consensus that one of these men changed his name >from Fidra to
Federer.

My question now is why would someone do that? And, do records exist
somewhere recording such name changes?

The familiant record also indicates a "Landes" number, which I take to
be a land parcel that this family either lived on or had rights to
use. Isn't there a record of such land tenure somewhere at
Badatelna.cz?

Thanks again.

Philip Moravcik


Austrian Citizenship #austria-czech

Robert Fraser
 

The main purpose, so far as I'm concerned, of Austrian
citizenship, is to make the point that our parents and
relatives who were forcibly deprived of Austrian
citizenship, can now claim it back by proxy, courtesy of
their descendants.

My Parents were forced out of their native country on pain
of death. Now there is some small, if very belated,
recompense.

Robert Fraser
Perth, Western Australia

****

Tony Hausner asked what if any benefits there are for
descendants of
Holocaust survivors to obtain Austrian citizenship under the
new law.
Snip>>>


Austria-Czech SIG #Austria-Czech more than one surname in familiant record #austria-czech

esther.bloch@...
 

Hello Philip

The word is "unbekannt", meaning, unknown. It refers to the parents and
the wife.

Esther Bloch, Dundas Ontario, Canada


Austria-Czech SIG #Austria-Czech two surnames on familiant record - follow up #austria-czech

morav@...
 

Thank you to the individuals who responded to my earlier question
about the two different surnames appearing on the familiant record for
my ancestors Gabriel Fidra and Jonas Federer. It seems to be the
consensus that one of these men changed his name >from Fidra to
Federer.

My question now is why would someone do that? And, do records exist
somewhere recording such name changes?

The familiant record also indicates a "Landes" number, which I take to
be a land parcel that this family either lived on or had rights to
use. Isn't there a record of such land tenure somewhere at
Badatelna.cz?

Thanks again.

Philip Moravcik


Austria-Czech SIG #Austria-Czech Austrian Citizenship #austria-czech

Robert Fraser
 

The main purpose, so far as I'm concerned, of Austrian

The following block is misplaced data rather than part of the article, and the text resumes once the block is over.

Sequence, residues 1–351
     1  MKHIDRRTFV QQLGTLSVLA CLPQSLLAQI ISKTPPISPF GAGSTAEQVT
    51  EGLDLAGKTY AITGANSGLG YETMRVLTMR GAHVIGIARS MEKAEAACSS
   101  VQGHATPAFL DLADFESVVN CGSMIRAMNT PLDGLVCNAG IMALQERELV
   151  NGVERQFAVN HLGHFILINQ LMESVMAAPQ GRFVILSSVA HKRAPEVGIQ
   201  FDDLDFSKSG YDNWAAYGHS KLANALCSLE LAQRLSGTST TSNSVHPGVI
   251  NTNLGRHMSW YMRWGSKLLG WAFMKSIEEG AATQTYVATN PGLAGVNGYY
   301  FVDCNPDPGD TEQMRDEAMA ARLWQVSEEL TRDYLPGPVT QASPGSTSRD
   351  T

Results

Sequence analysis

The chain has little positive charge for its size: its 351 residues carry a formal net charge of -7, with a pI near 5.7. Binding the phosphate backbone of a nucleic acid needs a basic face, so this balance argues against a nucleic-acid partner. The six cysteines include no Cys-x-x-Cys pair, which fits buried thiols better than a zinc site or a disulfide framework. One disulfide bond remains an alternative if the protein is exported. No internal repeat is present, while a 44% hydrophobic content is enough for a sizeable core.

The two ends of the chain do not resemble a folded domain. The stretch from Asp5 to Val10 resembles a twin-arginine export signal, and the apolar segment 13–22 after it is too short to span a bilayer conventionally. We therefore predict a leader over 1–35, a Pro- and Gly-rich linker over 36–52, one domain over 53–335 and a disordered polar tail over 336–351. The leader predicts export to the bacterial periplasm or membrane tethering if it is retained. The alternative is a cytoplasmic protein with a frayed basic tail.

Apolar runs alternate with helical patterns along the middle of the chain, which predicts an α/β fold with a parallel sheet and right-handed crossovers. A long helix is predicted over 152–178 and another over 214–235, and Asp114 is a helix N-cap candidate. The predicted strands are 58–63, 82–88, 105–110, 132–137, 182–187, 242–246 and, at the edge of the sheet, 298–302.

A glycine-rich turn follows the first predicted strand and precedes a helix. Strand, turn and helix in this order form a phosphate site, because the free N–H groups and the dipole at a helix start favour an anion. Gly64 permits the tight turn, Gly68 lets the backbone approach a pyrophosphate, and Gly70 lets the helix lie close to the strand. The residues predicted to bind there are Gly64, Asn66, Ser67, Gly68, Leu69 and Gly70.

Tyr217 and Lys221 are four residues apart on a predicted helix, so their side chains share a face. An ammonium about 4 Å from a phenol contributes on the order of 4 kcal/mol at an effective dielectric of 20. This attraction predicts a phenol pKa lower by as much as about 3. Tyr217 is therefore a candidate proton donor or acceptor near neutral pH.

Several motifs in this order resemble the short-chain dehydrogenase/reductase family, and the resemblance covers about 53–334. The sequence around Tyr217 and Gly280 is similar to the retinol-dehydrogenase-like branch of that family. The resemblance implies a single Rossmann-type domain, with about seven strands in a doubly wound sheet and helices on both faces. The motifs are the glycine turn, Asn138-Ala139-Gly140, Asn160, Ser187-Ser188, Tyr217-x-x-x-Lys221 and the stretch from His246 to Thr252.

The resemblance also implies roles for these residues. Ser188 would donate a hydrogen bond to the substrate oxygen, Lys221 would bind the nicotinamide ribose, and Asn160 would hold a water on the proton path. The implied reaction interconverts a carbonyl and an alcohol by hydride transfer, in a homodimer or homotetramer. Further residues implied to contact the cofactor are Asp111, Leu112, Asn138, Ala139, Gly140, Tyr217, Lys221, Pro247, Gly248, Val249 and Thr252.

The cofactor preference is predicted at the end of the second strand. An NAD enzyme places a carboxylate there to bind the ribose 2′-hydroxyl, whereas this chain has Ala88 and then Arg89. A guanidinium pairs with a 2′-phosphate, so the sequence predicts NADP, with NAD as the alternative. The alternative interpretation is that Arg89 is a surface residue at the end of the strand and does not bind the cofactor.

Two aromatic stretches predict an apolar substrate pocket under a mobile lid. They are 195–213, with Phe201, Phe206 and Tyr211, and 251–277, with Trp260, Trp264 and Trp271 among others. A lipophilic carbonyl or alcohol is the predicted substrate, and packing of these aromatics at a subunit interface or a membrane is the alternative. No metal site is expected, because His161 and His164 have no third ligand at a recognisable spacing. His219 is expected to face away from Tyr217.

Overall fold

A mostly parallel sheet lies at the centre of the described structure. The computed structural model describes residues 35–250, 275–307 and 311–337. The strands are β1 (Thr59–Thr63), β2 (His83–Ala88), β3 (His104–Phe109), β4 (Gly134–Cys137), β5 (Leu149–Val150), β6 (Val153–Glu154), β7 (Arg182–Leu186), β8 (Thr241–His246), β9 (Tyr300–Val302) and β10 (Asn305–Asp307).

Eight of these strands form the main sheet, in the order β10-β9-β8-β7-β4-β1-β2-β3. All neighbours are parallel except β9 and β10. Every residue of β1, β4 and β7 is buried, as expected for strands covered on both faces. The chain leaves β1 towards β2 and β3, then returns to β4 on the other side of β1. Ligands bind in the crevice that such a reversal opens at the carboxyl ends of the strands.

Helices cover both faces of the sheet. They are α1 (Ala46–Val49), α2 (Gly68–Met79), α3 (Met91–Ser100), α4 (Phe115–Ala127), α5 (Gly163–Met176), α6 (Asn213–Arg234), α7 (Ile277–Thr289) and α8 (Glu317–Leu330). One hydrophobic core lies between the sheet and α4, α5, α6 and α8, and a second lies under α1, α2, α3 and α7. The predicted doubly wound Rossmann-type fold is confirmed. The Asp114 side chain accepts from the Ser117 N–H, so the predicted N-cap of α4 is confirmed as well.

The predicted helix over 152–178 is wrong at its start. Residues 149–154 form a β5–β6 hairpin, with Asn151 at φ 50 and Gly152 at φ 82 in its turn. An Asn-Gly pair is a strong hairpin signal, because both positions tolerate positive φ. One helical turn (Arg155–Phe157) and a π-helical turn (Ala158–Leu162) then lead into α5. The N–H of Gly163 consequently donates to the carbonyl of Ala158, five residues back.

citizenship, is to make the point that our parents and
relatives who were forcibly deprived of Austrian
citizenship, can now claim it back by proxy, courtesy of
their descendants.

My Parents were forced out of their native country on pain
of death. Now there is some small, if very belated,
recompense.

Robert Fraser
Perth, Western Australia

****

Tony Hausner asked what if any benefits there are for
descendants of
Holocaust survivors to obtain Austrian citizenship under the
new law.
Snip>>>


Re: more than one surname in familiant record #austria-czech

hpgrab@...
 

Not "unbelaut" but "unbekannt = unknown". Parents of Gabriel Fidra were
unknown. Jonas Federer is unambiguous the first born son of Gabriel Fidra.

Best
Hanus Grab


(Austria) The Formal Announcement Form Austrian Embassy on Austria Extending Citizenship of Descendants to Victims of Nazi Persecution #austria-czech

Jan Meisels Allen
 

I previously posted about the Austrian Parliament enacting an amendment to
the Austrian Nationality Act Extending citizenship to descendants of victims
of the Nazis. The Austrian Embassy in Washington DC has posted the official
statement which may be read at:
https://www.austria.org/the-latest/2019/10/7/austrian-citizenship-descendant
s-victims-nazi-persecution

Note the law does not become effective until September 1, 2020.

Thank you to Frank Eisinger for sharing with us.

Jan Meisels Allen
Chairperson, IAJGS Public Records Access Monitoring Committee